Eventually, even my mother wanted to help. It was shocking since she was one of the causes of this outcome. This threw us (them) into a tailspin, but she helped B (the very determined part who sought help for me/us/we) get an appointment with the Mayo Clinic. We saw nearly every specialist they had available to us; the 5-7 day stay was extended to nearly two weeks. Our neurologist saw it. He saw them. He ‘tested’ what he thought he saw, and very quickly realized he was correct and we needed help. He saw them. He paid attention. He listened to his patient, something no one else had ever done. Not one doctor listened to me or them, but he had. If not for him, we would not have made it this far. If not for some of them, I would have ended our life.

He gave us a long laundry list of follow up appointments once we were home. The ones they went to were an endocrinologist in Chicago and a mental health clinic in Indiana. He referred us to the doctor at the clinic that quite literally saved our lives. He did not explain all the reasons for his referral. He wanted someone else to see us, she did. She ended our guilt from many things, and she continues helping us today. She helped B find her voice. She has helped Anger be so much more than she was… She showed us we could live. She wasn’t afraid, regardless of what they had said or done in her presence. She listened. No one ever had before and that is truly invaluable.

We continue seeing her to this day. For now, it’s twice a week, but it won’t always be. Living with DID is a struggle, but having an actual support system now, something we never thought we would have, we continue to grow. We found our voice. We found it acceptable to reach out and demand support & respect. We’ve learned to ask and hope. Hope was something that was lost to me and most of us for nearly 28yrs. Hope would creep in briefly and then be locked away. Now, we Hope. We speak to my husband about these things. My best friend now knows about our struggle. She knows about “The We in Me.”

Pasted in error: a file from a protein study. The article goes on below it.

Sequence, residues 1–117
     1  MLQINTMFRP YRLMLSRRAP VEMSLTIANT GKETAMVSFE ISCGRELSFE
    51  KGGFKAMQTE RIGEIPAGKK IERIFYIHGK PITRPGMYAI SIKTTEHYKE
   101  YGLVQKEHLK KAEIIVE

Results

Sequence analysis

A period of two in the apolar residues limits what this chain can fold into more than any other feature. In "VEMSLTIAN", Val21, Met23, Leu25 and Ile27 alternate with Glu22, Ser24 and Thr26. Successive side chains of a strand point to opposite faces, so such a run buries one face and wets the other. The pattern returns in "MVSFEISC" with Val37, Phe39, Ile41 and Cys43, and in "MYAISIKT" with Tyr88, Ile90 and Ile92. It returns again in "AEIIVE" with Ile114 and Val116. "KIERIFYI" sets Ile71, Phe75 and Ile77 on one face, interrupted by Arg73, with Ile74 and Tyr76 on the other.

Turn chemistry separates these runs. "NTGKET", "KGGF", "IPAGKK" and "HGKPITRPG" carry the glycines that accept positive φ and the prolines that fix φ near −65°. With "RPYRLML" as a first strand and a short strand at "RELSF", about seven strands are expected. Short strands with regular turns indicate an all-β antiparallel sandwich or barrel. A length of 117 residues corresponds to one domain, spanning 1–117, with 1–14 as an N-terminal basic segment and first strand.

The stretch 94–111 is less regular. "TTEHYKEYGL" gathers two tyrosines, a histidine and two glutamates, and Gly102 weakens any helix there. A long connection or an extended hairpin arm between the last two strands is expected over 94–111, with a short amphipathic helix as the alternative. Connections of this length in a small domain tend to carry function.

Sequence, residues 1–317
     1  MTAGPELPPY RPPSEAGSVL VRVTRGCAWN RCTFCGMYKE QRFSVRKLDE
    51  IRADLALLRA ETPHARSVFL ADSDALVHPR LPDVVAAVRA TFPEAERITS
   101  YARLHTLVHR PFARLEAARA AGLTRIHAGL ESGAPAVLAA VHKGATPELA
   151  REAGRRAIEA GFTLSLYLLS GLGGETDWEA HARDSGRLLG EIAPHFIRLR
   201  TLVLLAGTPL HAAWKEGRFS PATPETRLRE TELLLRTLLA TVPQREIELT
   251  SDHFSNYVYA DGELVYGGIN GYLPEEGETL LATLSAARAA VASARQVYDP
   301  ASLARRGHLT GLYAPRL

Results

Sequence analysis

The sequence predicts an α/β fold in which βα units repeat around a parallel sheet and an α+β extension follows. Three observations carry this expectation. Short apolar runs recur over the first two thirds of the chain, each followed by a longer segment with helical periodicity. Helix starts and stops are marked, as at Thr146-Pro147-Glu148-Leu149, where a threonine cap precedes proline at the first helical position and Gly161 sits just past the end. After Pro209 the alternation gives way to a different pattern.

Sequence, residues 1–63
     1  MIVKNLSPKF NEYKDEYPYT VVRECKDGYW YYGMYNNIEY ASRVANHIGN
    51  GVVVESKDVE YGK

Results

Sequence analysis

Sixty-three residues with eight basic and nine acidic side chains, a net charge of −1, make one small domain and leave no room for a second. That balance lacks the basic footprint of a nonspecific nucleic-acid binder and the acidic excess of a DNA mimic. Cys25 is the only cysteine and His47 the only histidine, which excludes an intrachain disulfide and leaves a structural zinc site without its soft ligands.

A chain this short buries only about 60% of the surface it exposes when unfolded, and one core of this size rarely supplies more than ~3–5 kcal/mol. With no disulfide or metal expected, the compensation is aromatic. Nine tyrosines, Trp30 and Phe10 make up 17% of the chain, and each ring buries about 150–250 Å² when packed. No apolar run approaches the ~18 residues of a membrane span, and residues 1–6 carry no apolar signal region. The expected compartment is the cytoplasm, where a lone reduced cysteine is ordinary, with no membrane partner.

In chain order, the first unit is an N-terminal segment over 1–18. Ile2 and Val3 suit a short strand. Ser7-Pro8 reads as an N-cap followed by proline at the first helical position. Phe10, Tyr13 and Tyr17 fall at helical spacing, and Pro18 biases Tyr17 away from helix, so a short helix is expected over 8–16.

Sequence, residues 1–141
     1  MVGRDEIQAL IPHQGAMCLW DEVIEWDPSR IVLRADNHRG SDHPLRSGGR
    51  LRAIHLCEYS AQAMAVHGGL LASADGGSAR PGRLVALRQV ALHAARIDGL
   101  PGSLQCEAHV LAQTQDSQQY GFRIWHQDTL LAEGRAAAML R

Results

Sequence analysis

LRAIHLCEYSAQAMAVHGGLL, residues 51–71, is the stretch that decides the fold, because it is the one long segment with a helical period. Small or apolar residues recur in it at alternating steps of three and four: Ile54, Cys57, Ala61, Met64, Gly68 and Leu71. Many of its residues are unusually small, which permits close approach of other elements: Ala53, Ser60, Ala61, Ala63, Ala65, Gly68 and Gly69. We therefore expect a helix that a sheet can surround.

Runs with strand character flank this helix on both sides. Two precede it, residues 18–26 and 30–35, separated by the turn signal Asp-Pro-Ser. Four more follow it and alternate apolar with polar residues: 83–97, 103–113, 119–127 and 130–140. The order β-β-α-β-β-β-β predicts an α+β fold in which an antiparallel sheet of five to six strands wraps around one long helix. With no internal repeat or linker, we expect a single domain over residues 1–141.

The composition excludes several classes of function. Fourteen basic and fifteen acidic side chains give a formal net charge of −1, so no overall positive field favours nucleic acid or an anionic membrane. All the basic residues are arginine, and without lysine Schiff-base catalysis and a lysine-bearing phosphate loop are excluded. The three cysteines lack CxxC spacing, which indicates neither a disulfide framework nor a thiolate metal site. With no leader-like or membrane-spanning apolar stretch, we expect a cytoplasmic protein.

We found our version of normal. We no longer live like a fly, but as the spider. Never dilute yourself to please others. Never silence your own voice because someone says you’re “Crazy” or not good enough. Create your own path and go live. We did.

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We are many. I never knew they existed. Today we are working towards ending the stigma. My years of silence nearly killed me more than once. #EndTheStigma & #IAmNotAshamed by @teamnotashamed is a very dear cause to all of us. Speak. Get help. No more shame!

Erika can be found on Twitter

By | 2016-04-28T11:42:56+00:00 April 29th, 2016|Categories: Anxiety, Depression, Stigma Fighters|Tags: , |0 Comments